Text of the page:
But what then – implement change and refreeze? I believe this can no longer be the case in modern business: change is no longer an option, but a must, and it no longer comes every few years, but every day. In our personal lives as consumers, we change our mobile devices, TVs, tablet devices, mobile contracts, energy suppliers, etc. frequently, or as soon as we can afford to. Constant upgrading is something we all demand in our personal lives when it comes to the products and services we consume – why should it be any different at work?

There are always concerns when moving away from what we know to a new, unfamiliar way of doing things. But isn’t that the case with any change? The main thing is to understand the change, and plan the journey. In addition, any change needs to be supported and reinforced (reinforcement is a post-change phase included in more modern change management methods). This is to ensure that the change is actually adopted and that the business has achieved all the goals behind the change. This can be very simple – if, when balancing pros and cons, you were thinking about making John’s life easier, he will happily adopt the solution because it makes his life easier.

When you decide to adopt a cloud solution like Office 365 in order to increase productivity, facilitate communication and collaboration and take advantage of the best that the latest technology has to offer, this will not be a process of unfreezing, changing and refreezing. Instead, we see unfreezing, changing and keep changing. This is a change to make sure you never stop changing.

Adopting a cloud solution like Office 365 is a change to make sure you never stop changing

Now John is back in the office, and this time he has a Windows 8 laptop running Office 2013. He has all his documents in SharePoint Online so that he knows they’re all backed up. All his documents are synced to his OneDrive for Business on his laptop, so that he can access them quickly even when he is not connected to internet. He opens a document that he has been working on this week and can start from where he left off. He notices that Sarah is also working on the document and sees that she is available on Skype for Business (previously known as Lync Online). John initiates a chat on Skype for Business directly from the document and asks Sarah to look at some of the changes he has made on the document.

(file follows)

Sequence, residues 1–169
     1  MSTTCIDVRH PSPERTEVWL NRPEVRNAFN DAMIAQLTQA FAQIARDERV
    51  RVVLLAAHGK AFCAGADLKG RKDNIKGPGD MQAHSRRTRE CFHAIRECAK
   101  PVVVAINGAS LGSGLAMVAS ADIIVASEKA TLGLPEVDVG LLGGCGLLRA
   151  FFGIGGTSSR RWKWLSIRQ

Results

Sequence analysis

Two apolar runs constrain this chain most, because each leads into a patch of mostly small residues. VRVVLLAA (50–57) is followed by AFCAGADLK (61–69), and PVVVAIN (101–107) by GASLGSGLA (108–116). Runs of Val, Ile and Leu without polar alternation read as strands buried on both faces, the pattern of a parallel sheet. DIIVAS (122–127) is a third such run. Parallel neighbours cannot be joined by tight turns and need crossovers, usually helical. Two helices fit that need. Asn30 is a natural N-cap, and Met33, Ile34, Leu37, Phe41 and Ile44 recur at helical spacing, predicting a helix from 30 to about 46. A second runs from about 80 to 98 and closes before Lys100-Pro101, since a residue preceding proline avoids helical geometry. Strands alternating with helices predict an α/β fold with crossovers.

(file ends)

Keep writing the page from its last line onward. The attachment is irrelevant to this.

He leaves the office slightly early, but opens up the document on his personal phone using the OneDrive for Business mobile application and responds to Sarah’s comments. The document is finalised but there is no version number in the name of the document – everything is version controlled on SharePoint. He is happy with the document, so he shares it with his manager directly via OneDrive. The manager receives an email with a link to the document and opens it on their Windows phone. They decide to call John using Skype for Business to give him their final comments and ask him to share the document on Yammer (Microsoft’s social platform for business) so that everyone in the business can have a conversation about John and Sarah’s project. This is the cloud-enabled workplace – the workplace that takes change in its stride.